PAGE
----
Herb Kelleher, Southwest's executive chairman, suggests compliance with airworthiness directives (AD) might be more effective if they were simplified. He was referring to 1,100 pages of six AD's covering the Boeing 737 fuselage cracks. Congresscritter James Oberstar (D-Minn) thought that unwise.
I think we just found the root cause of all those groundings. The airworthiness directives are unreadable garbage. No one can keep 1,100 pages of boilerplate in mind as he inspects a real airplane on a flightline. Hell, he can't even carry that much paper work out of the office. In real life, directions for crack inspection can be written in 10 pages, single spaced. In a former life I used to inspect aircraft and write inspection procedures. I never needed more than ten pages myself.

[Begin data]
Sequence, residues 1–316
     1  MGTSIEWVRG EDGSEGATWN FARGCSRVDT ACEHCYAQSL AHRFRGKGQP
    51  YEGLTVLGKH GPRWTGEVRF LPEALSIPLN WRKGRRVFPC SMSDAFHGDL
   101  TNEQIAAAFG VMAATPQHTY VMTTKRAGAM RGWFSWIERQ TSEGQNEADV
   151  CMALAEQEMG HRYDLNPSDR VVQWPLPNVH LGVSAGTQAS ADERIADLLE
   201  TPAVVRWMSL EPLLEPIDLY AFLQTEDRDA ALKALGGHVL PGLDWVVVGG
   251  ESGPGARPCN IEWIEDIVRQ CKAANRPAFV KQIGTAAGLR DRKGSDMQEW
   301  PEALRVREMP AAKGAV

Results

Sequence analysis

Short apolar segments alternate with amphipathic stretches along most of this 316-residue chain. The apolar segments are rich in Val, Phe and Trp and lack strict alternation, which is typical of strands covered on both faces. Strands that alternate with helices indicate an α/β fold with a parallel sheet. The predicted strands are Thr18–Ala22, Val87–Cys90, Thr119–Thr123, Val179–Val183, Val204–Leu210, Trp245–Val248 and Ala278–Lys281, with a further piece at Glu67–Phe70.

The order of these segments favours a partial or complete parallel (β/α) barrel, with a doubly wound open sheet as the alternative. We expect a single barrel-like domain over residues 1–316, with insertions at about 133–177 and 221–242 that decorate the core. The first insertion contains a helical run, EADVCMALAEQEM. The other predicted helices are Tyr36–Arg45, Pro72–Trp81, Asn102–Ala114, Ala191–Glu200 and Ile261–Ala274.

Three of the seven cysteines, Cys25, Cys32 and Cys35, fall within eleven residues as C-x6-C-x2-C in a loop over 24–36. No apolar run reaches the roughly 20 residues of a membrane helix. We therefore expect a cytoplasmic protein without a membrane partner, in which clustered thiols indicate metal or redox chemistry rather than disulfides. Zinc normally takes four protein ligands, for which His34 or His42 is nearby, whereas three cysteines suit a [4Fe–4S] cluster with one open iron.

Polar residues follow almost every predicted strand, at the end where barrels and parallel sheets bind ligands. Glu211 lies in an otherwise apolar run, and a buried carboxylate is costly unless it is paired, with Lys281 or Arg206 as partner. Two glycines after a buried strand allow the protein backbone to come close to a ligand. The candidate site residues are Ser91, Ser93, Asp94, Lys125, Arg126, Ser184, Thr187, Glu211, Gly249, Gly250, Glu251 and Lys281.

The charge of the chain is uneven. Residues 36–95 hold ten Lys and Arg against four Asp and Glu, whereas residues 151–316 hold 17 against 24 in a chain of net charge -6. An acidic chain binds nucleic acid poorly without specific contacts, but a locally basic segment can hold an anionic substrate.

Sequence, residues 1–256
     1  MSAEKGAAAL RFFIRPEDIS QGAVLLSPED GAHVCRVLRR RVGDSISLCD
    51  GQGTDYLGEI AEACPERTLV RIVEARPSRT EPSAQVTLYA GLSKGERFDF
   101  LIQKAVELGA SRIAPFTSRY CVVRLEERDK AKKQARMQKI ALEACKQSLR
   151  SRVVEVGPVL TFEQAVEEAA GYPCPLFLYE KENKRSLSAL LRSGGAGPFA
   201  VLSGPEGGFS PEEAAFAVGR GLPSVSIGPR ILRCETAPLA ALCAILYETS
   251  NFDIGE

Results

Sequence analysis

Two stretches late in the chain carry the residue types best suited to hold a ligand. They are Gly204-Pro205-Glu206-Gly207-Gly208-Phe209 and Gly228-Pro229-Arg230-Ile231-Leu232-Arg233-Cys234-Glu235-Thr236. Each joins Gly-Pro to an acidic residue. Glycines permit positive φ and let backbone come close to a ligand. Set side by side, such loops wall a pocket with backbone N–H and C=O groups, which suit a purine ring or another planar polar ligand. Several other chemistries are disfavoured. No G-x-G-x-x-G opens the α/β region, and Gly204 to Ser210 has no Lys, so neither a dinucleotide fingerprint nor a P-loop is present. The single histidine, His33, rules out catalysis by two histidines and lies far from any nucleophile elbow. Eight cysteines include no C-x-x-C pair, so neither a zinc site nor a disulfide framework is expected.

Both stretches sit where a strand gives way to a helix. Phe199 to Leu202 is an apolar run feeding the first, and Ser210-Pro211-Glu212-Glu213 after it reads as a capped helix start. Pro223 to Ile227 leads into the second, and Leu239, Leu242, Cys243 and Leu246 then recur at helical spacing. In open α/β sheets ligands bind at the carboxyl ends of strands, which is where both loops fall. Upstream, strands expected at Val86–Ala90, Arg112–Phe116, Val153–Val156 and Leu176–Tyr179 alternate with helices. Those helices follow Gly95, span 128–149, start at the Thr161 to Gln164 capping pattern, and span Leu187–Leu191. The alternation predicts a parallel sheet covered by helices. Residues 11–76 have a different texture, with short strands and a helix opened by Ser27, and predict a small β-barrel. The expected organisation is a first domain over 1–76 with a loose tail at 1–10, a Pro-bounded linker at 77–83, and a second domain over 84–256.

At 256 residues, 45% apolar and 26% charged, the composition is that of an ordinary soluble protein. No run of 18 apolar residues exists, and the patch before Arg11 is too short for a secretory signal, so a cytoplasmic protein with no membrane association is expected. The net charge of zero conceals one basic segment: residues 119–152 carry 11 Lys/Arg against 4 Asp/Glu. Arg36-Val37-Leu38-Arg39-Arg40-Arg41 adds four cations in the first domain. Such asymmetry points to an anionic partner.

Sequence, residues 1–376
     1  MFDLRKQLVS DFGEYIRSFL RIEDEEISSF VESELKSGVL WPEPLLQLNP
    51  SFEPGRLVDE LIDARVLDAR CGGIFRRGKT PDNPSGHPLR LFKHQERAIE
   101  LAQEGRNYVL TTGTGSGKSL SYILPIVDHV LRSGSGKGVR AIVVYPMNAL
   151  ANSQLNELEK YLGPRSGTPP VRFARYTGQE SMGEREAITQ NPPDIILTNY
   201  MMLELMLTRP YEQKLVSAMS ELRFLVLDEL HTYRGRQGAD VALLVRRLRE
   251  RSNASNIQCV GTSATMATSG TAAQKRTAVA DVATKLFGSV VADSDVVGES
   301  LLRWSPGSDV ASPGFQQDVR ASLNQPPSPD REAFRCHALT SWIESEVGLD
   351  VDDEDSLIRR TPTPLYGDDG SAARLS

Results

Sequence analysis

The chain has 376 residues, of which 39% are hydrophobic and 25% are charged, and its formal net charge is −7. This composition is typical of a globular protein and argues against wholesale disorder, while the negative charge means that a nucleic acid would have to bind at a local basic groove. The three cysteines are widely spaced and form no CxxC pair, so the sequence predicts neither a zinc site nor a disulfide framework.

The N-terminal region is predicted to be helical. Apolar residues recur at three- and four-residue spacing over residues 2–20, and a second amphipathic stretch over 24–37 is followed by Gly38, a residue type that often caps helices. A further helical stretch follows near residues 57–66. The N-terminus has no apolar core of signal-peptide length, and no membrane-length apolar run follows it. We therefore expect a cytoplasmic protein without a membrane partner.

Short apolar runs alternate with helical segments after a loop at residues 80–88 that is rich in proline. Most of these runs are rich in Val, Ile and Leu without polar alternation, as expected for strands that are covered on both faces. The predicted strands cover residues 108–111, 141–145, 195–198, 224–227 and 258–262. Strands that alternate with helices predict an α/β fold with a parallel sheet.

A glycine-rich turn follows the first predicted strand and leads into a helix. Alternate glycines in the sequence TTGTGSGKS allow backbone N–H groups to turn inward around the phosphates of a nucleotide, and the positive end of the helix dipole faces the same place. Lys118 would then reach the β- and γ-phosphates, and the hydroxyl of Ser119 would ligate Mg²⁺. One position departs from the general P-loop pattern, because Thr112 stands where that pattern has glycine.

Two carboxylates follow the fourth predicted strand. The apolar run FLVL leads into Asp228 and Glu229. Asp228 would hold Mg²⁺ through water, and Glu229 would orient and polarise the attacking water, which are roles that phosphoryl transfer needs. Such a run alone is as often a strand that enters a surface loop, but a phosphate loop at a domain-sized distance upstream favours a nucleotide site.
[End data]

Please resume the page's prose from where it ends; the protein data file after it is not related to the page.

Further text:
Once you have 1,100 pages of mush, a pissant inspector can find just about anything he wants, buried somewhere in the 1,100 pages. No matter what the line mechanics do, an inspector with 1,100 pages to play gotcha with can always find fault. Betcha the recent FAA grounding of American's fleet started with some pissant inspector playing gotcha with the mechanics.
I suggest we put the FAA out of the paperwork business. Have the engineering departments of the aircraft makers write the maintainance procedures for their products.